Though I believe in all these titles, such lofty theological images can obscure Mary's earthy humanity and distance her from us. And that's lamentable. The human Mary has a lot to teach Christians—actually, everyone: men and women, from the devout believer to the doubtful seeker to the disbelieving atheist.

Just look at her story as recounted in the Gospel of Luke. Even if you doubt that the narrative is told accurately, you have to admit that buried within this supposedly pious and saccharine Bible tale is the vivid image of a strong, resilient, and self-possessed woman.

To begin with, the first time Mary opens her mouth in the New Testament, it is to question God. "How can this be, since I am a virgin?" she asks, after the angel tells her that she will give birth (a reasonable enough question). Her response to something surprising in her life—and that's quite an understatement—is to question. To doubt. Here is one moment where her entirely human life intersects our own.

Who hasn't wanted to ask in the face of a life-altering change, "How can this be?" Holy confusion is a natural part of the life of any believer—indeed, any person. Ironically, earlier in Luke's Gospel, Zechariah, the soon-to-be father of John the Baptist, doesn't fare as well with his question. When he doubts that his elderly wife will conceive a son, a manifestly testy angel strikes him dumb. When Mary airs her confusion, the angel politely furnishes her with an explanation—albeit a confusing one. It's a striking example of biblical favoritism for women.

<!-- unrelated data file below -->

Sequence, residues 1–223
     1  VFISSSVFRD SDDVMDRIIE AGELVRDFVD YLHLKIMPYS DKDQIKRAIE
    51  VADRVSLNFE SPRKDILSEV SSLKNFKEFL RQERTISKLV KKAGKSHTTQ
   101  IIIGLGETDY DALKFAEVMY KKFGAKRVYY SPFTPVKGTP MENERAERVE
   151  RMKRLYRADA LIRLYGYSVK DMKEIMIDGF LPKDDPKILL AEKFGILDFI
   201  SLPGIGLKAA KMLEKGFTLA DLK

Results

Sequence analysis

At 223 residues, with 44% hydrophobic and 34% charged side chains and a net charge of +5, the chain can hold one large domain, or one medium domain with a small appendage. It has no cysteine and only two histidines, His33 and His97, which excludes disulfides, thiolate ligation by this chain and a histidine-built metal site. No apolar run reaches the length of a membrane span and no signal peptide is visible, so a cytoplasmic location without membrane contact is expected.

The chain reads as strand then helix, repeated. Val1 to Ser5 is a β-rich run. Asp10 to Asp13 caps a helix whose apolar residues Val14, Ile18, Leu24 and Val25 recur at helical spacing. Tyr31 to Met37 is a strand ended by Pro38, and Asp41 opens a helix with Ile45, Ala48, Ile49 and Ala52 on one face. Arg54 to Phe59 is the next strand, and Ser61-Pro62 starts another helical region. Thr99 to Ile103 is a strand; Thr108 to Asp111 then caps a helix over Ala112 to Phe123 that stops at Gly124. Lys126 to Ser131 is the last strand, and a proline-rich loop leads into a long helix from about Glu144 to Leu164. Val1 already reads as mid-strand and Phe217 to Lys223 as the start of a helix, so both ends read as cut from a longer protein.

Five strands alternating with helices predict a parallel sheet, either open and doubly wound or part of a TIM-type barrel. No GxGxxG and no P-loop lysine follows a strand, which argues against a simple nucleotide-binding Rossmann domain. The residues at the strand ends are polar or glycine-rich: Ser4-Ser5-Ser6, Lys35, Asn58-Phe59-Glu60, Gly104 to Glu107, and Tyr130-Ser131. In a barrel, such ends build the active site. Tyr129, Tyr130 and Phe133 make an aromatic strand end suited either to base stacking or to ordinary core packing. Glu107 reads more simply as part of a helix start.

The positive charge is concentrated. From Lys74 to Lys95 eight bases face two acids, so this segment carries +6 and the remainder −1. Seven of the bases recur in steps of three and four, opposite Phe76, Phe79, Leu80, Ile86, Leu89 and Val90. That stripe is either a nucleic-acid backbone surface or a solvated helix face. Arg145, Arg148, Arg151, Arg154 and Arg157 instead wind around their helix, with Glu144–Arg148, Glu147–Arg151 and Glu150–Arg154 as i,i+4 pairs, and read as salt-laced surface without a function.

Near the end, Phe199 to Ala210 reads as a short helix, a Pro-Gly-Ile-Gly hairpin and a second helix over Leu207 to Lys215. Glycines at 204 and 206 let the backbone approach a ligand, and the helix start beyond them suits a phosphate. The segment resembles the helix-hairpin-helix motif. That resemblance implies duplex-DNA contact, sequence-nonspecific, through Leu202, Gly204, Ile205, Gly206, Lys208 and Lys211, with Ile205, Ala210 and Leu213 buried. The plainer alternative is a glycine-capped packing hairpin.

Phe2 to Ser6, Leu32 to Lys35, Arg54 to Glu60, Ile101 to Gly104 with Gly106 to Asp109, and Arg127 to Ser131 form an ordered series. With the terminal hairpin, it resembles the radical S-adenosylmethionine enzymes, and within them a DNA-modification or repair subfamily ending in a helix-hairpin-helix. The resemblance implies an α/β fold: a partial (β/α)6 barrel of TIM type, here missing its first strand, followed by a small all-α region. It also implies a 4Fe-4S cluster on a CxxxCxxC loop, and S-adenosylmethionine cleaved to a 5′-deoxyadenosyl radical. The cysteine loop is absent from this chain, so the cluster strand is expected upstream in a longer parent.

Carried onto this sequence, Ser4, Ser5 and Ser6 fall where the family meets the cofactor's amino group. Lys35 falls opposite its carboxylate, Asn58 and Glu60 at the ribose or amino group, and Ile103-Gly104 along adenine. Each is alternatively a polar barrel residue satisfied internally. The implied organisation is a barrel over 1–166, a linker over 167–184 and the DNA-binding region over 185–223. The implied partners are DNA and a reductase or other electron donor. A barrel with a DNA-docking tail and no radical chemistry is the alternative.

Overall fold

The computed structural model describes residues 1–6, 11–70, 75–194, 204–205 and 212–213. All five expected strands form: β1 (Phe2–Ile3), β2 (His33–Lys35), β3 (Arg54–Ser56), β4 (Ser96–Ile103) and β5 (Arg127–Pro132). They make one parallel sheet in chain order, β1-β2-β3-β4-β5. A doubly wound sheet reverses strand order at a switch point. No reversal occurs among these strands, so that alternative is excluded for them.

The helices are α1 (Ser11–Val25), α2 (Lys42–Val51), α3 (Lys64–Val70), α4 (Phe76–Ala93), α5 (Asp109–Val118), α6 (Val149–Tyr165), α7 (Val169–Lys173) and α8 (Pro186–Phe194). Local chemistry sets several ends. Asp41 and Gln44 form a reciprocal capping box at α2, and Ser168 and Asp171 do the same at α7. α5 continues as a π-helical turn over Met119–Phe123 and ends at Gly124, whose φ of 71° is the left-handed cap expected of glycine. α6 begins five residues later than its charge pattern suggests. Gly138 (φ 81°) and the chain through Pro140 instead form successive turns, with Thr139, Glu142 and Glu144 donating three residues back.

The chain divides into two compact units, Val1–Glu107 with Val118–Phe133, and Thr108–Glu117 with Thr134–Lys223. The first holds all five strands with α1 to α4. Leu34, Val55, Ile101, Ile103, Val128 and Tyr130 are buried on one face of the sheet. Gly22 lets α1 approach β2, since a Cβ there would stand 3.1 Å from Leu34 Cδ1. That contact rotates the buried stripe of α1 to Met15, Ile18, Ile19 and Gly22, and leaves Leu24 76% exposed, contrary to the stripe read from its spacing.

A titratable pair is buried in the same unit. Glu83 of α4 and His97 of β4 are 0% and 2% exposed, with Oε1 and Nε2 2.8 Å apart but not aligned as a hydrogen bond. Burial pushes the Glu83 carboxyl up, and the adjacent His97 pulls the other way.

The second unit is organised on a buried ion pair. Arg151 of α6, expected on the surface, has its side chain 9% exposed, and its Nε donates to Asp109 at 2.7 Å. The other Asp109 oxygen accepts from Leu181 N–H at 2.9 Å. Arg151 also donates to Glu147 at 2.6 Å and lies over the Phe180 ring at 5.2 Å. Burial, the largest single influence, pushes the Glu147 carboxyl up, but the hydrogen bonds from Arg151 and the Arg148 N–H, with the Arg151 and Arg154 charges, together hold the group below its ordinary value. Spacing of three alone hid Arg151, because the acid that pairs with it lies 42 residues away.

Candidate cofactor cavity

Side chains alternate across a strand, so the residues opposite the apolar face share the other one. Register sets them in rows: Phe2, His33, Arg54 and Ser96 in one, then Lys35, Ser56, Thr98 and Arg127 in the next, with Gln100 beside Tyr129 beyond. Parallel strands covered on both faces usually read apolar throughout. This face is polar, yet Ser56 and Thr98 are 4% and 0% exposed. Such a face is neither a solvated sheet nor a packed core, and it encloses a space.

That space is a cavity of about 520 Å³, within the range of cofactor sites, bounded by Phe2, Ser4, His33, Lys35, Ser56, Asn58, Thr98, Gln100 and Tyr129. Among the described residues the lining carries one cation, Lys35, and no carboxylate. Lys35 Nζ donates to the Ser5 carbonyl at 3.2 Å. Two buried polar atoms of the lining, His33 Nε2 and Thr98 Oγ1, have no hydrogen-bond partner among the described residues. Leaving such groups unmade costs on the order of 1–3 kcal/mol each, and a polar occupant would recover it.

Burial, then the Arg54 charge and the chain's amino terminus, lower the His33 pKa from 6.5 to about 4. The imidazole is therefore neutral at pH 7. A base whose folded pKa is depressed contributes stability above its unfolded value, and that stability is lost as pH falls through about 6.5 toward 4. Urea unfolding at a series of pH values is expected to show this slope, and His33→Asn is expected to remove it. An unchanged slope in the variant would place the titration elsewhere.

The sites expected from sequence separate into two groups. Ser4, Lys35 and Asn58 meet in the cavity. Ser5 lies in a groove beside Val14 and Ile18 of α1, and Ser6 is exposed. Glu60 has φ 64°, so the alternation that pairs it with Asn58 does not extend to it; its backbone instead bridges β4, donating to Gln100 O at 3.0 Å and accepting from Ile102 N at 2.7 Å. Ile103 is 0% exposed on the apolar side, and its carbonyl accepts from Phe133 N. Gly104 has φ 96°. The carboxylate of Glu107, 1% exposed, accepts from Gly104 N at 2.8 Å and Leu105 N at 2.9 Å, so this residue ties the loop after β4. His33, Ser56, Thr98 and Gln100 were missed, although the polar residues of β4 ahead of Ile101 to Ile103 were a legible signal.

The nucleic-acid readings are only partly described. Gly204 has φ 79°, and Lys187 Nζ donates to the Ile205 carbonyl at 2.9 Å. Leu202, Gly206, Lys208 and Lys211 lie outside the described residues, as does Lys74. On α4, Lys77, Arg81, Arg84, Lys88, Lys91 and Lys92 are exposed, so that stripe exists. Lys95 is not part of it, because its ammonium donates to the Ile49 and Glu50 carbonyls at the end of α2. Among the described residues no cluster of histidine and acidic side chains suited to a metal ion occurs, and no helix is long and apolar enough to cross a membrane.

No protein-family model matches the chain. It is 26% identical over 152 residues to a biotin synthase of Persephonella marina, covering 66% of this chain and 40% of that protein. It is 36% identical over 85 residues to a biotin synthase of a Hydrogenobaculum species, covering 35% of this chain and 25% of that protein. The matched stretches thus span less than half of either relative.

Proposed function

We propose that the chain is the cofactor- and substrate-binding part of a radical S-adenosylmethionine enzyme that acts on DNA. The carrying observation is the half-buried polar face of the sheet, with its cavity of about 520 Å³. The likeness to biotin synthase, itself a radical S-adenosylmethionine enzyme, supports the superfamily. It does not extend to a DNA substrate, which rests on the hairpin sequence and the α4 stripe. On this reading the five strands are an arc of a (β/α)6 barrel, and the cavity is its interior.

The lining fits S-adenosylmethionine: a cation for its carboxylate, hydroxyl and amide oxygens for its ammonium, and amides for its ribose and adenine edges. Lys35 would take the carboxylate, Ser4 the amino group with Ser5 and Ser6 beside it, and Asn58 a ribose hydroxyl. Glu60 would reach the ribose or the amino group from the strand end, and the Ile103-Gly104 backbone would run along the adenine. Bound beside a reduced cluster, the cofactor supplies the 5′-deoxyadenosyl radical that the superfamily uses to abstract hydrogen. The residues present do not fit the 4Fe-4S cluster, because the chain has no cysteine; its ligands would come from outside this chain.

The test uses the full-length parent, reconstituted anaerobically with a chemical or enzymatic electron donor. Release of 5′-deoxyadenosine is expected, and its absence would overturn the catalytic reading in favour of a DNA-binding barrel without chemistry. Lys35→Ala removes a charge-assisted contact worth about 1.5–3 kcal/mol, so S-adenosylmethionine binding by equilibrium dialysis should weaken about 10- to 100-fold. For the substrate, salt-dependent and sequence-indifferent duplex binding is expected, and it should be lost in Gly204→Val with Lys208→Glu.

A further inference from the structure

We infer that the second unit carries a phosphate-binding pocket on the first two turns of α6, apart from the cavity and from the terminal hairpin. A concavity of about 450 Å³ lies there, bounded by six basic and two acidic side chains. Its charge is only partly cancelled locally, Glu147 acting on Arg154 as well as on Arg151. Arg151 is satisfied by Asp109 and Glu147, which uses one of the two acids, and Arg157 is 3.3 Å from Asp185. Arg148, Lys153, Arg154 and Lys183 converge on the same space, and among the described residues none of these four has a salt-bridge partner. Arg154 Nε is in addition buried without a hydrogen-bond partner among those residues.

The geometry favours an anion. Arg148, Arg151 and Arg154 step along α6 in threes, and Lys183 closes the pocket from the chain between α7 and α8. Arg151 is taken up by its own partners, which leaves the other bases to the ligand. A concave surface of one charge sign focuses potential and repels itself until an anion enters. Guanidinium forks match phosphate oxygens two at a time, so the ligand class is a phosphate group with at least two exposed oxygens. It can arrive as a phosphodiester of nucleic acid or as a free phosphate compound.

After the angel explains what will happen to her, Mary makes her decision. She says yes. "Let it be done to me according to your will." As the Catholic theologian Elizabeth Johnson points out in her book Truly Our Sister, the young peasant girl decides on her own, without recourse to the traditional male authorities of her day: "Exercising independent thought and action, she asks questions, takes counsel with her own soul," Johnson writes. "In a self-determining act of personal autonomy, she decides to go for it." This is one reason why Mary is a central figure for many smart Christian women, like the theologian Diana Hayes, who calls Mary's radical "yes" a moment of "outrageous authority."